Industry leaders said federal regulators have a policy of turning law abiding gun sellers into suspects in an attempt to sabotage on-line gun sales.
“It is government-sponsored economic terrorism,” said Richard L. Feldman, president of New Hampshire-based Independent Firearm Owners Association. “It’s bad enough when it’s done by private parties, it is absolutely unacceptable and despicable when it is done at the behest of our own government.”
Rep. Blaine Luetkemeyer (R.-Mo.), who is seeking to put a stop to federal funding for “Operation Choke Point”, said in “Blaine’s Bulletin” that federal regulators are targeting intermediate lender-processers in an attempt to take down businesses they believe have no moral right to exist.
“In an effort to drive these legally-operating, licensed and regulated lenders out of business, banking regulators, in cahoots with the Justice Department, are placing so much regulatory pressure on financial institutions that non-depository lenders are eventually ‘choked-off’ from the financial services they need to survive.”
The trade association for the firearm industry, the National Shooting Sports Foundation said in a statement that several documents have surfaced from the Federal Deposit Insurance Corporation that labels companies in the firearms and ammunition industry as “high risk.” As a result of the unfair label, several industry members have had their banking relationships terminated by their lending institutions.
NSSF continued: “We respect the right of financial institutions to make business decisions based on objective criteria. It is unacceptable, however, to discriminate against businesses simply because they are engaged in the lawful commerce of firearms, an activity protected by the Second Amendment.”
New York gun dealer, Anthony Melé, said his on-line boutique Ami Global Security lost over $50,000 in profit from Jan. through March because intermediate merchants stopped processing on-line orders without notice. “My credit card orders were accepted, but the processing was being held up. I realized something was wrong when I started receiving emails from my customers’ complaining.”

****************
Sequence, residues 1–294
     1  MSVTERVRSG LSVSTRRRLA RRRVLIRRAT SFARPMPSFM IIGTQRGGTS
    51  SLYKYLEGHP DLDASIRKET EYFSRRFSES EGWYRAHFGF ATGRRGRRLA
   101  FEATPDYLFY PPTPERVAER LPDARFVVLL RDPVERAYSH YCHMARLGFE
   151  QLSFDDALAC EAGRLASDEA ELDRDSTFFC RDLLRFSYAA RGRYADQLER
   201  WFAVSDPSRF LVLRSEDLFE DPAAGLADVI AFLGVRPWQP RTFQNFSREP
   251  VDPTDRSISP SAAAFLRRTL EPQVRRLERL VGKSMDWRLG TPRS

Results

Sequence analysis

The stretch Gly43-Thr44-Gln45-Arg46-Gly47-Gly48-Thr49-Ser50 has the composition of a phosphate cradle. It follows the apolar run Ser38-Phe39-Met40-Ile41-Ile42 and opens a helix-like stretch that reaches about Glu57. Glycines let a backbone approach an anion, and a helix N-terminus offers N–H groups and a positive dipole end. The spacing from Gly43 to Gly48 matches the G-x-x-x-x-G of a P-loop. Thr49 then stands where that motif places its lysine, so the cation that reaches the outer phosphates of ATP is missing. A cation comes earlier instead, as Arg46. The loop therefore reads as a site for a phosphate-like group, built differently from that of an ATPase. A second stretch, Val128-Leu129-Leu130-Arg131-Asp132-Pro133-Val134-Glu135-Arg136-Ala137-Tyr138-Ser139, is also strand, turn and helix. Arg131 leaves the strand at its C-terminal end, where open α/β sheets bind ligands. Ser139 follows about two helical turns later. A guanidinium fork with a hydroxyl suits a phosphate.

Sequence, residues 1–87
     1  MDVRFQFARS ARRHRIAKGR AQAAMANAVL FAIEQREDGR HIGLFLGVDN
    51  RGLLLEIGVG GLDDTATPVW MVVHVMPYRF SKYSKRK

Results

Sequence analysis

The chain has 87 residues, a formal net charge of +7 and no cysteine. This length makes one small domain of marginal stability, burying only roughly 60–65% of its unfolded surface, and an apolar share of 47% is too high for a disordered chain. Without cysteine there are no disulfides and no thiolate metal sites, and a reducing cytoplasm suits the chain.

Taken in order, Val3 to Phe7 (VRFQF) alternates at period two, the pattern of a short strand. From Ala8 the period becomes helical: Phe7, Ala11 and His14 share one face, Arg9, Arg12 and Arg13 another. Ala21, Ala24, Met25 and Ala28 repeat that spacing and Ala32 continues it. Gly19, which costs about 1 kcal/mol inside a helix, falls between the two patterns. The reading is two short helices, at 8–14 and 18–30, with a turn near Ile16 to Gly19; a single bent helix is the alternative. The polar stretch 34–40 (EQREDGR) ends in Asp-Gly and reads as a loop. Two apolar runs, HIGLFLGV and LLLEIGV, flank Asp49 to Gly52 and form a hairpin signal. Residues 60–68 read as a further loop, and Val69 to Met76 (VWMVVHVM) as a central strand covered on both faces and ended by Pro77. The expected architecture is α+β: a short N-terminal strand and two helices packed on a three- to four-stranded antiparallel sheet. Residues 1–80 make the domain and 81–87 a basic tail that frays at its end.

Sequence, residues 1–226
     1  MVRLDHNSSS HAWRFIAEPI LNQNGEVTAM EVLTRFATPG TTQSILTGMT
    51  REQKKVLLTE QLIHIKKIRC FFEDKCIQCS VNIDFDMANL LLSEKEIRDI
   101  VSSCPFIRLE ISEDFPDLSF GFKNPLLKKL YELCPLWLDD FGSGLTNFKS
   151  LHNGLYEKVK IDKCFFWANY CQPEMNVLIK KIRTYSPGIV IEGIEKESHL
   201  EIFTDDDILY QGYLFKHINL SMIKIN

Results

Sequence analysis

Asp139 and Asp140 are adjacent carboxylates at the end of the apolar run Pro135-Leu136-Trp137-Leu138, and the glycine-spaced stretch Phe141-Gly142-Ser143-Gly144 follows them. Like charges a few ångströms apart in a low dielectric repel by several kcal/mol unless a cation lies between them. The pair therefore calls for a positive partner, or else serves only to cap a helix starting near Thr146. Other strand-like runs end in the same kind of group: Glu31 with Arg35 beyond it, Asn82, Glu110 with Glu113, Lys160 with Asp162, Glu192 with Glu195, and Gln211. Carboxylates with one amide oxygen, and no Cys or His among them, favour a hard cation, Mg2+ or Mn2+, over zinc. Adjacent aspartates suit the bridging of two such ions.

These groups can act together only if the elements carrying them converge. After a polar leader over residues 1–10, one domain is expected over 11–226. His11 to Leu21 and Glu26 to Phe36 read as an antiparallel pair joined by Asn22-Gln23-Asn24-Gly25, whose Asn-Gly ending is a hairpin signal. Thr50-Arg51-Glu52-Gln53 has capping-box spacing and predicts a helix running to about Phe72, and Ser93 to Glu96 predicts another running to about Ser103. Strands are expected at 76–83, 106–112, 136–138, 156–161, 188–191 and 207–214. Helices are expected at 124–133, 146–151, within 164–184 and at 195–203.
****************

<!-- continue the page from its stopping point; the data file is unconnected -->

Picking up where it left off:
He said it took about a week for his bank to figure out the problem: The DOJ issued a directive that forbids intermediate merchants from processing funds that have any relation to guns and ammunition. “There was nothing I was doing that was illegal, yet they made me feel like I was operating illegally.”
Melé said he had to change his business model to pursue oversees sales because he could not find anyone to process on-line orders. “They rather err on the side of caution than be scrutinized by the full force and effect of the federal government.”
“They suspect someone, somewhere, may be conducting something illegal, therefore if you end all commerce legal or illegal on the basis that someone may be doing something illegal, you will end it because everybody is being rounded up and everyone is going to be guilty because someone may be guilty somewhere.”
When there is a suspicion of illegal activity, the government is applauded to act, but he said they act on facts not a broad-base allegation. “They are supposed to act on facts not suspicion, and specific facts about specific activities, not suspicion about an industry for a lawful practice.”
Firearms are a constitutionally-protected product, said the former police officer. “Absent allegations of illegalities, this is no suspicion.”
If authorities find a particular dealer who is involved in illegal action, we expect them to act, said Feldman. “But on the suspicion that anybody who is dealing firearms using the internet as a sales tool becomes automatically suspect, then the federal government falls under the category of: despicable, outrageous, and repugnant.”